Do Try This at Home

The LDS lady missionaries, called “Sisters,” are visiting us now, and my 11-year old daughter has heard snatches of our conversations. I see this as a good thing. Anyone who comes to our home willing to talk about the Gospel is welcome. My wife and I have listened to them pray, give their lessons and explain their beliefs.

Just before a recent visit, my daughter told me, “I think I’ll stay and listen to everything today.” And that’s what she did.

I know that most Christians would not let Mormon missionaries into their homes, much less expose their children to LDS teachings. After all, doesn’t the Bible warn us against receiving them into our houses? Is the minimal chance of benefit worth the risk?

The LDS Sisters talked with my wife and me for an hour. Their language was evangelical and winsome. I was not sure how my daughter would react. After the missionaries left, she said, “Daddy, they believe like we do. Let’s visit their church.”

Actually, that’s not what she said. Her real words were, “Daddy, it’s so sad that they believe that!” She heard what Mormons believe directly from them. She heard me ask questions about discrepancies between LDS teaching and the Scripture. She listened to their answers. The Holy Spirit developed spiritual discernment in her.

There was something else that pleased me. Rather than expressing scorn, she felt sadness as she heard our discussion. That was the tender heart of the Savior in her. The sum total is that the Holy Spirit had arranged a double disciple-making experience. While discussing the Gospel with the missionaries I was, at the same time, discipling my daughter. It was pure joy.

Maybe you are thinking, “I would never talk to Mormon missionaries (or anyone else who challenges my beliefs). I wouldn’t know what to say.” When I started, I didn’t either. But I have learned a few things that have led to worthwhile conversations about the Good News.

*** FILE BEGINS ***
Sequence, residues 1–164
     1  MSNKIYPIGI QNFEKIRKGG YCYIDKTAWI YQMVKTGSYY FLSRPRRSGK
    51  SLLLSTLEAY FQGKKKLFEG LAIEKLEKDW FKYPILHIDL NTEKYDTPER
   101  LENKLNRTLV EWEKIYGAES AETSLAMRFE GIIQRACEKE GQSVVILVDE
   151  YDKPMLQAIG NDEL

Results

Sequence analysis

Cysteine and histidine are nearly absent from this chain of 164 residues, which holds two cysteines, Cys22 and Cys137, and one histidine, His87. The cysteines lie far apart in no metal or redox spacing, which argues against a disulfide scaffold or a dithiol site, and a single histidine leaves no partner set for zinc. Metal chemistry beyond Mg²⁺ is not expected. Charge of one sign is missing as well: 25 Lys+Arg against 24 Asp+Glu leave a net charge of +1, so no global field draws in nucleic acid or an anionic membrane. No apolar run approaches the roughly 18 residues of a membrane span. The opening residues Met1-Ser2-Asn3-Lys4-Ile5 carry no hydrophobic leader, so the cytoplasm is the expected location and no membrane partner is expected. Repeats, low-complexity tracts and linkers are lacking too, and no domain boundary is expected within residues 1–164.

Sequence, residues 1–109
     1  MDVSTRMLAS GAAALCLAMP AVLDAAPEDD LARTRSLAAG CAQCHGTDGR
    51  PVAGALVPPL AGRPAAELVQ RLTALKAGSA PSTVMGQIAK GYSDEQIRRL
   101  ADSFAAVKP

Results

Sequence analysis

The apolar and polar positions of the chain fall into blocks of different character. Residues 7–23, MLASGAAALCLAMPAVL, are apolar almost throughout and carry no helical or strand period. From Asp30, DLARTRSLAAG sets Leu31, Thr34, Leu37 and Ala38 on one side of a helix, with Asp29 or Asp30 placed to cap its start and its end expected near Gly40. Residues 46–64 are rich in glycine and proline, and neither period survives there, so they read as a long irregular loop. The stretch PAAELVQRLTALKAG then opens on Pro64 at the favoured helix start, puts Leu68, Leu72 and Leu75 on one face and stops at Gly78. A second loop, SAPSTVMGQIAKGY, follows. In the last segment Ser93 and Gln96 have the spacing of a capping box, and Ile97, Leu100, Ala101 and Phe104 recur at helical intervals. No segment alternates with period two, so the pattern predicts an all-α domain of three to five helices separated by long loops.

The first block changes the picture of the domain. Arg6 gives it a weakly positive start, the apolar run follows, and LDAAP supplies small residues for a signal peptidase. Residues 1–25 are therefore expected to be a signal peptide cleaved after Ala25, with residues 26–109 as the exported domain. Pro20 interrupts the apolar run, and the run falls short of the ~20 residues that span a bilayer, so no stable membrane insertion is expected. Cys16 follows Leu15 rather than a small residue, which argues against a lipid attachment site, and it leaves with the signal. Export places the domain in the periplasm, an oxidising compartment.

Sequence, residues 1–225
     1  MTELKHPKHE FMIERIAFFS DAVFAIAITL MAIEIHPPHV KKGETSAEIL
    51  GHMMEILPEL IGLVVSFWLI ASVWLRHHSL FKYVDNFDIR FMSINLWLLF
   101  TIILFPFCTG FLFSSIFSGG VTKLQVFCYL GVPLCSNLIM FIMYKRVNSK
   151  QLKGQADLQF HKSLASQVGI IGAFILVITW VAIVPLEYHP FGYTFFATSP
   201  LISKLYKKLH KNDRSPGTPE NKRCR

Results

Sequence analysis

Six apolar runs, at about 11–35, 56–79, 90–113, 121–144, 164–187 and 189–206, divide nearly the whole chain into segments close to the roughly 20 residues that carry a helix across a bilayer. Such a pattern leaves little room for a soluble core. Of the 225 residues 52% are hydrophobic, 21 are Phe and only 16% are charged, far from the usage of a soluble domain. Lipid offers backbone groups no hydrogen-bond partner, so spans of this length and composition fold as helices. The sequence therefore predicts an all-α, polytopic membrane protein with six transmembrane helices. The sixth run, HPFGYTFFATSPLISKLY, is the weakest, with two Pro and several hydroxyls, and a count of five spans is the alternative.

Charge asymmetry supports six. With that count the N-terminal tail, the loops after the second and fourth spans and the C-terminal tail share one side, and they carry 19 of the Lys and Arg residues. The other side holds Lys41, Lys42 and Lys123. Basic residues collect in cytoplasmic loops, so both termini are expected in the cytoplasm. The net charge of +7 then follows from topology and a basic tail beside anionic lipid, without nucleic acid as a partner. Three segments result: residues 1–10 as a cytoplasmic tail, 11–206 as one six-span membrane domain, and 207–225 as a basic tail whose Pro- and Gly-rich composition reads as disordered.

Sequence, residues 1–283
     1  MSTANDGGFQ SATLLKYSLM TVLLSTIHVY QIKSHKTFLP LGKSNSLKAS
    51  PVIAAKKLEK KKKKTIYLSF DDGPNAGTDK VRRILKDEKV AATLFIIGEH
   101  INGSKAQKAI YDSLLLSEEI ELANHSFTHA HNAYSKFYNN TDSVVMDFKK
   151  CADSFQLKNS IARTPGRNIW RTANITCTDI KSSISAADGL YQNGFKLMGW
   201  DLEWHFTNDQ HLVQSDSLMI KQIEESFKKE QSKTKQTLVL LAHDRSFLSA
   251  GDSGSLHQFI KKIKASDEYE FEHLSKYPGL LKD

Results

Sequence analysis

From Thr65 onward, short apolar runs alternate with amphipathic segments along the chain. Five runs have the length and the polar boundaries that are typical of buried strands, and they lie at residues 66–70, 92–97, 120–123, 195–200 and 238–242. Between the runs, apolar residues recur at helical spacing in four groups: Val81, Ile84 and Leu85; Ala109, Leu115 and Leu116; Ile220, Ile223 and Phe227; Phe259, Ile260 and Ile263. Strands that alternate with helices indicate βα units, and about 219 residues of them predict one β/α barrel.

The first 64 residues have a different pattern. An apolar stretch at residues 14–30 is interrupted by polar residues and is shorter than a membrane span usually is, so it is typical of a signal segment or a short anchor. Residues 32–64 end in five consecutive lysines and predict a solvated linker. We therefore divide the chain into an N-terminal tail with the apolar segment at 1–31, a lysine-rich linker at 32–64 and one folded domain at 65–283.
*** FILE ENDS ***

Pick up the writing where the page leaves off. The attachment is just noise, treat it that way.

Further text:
Talk to the Holy Spirit. Don’t know anyone who is not following Jesus? Ask the Holy Spirit to connect you with one; then get ready for Him to do it.

Ask questions. This is often more helpful than knowing the right answers. When I started talking to Mormon missionaries, I mostly listened. When I did not understand, I asked. Now, when I notice a problem, I have them read a relevant Scripture and ask them to explain the discrepancy. The result has been progress. Asking questions also takes off a lot of pressure.

Practice. Most of us, me included, do not think quickly during impromptu conversations. What if our churches began preparing us with conversational approaches for discussing the Bible with unbelievers? Role-playing, “what-would-you-say-if” scenarios and similar exercises are good ways to test whether we can communicate what we know. We should be asking our church leaders to make this kind of equipping a normal part of church life.

Have you been captured by the reality that Jesus has made you His own so that you can participate in what He is doing in the world? He is bringing others into full participation in His life and ministry, and He is calling us to that. Join Him—for the joy of it!

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1 Response to Do Try This at Home

  1. Kathie Milbourne says:

    Just wanted to let you know about a program that has been helpful to me called The Exchange. It encourages folks that don’t know Christ to complete a simple 4 lesson Bible study with us, to answer their questions. Its really powerful! Check it out. The writer is Jeff Musgrave based in Colorado.


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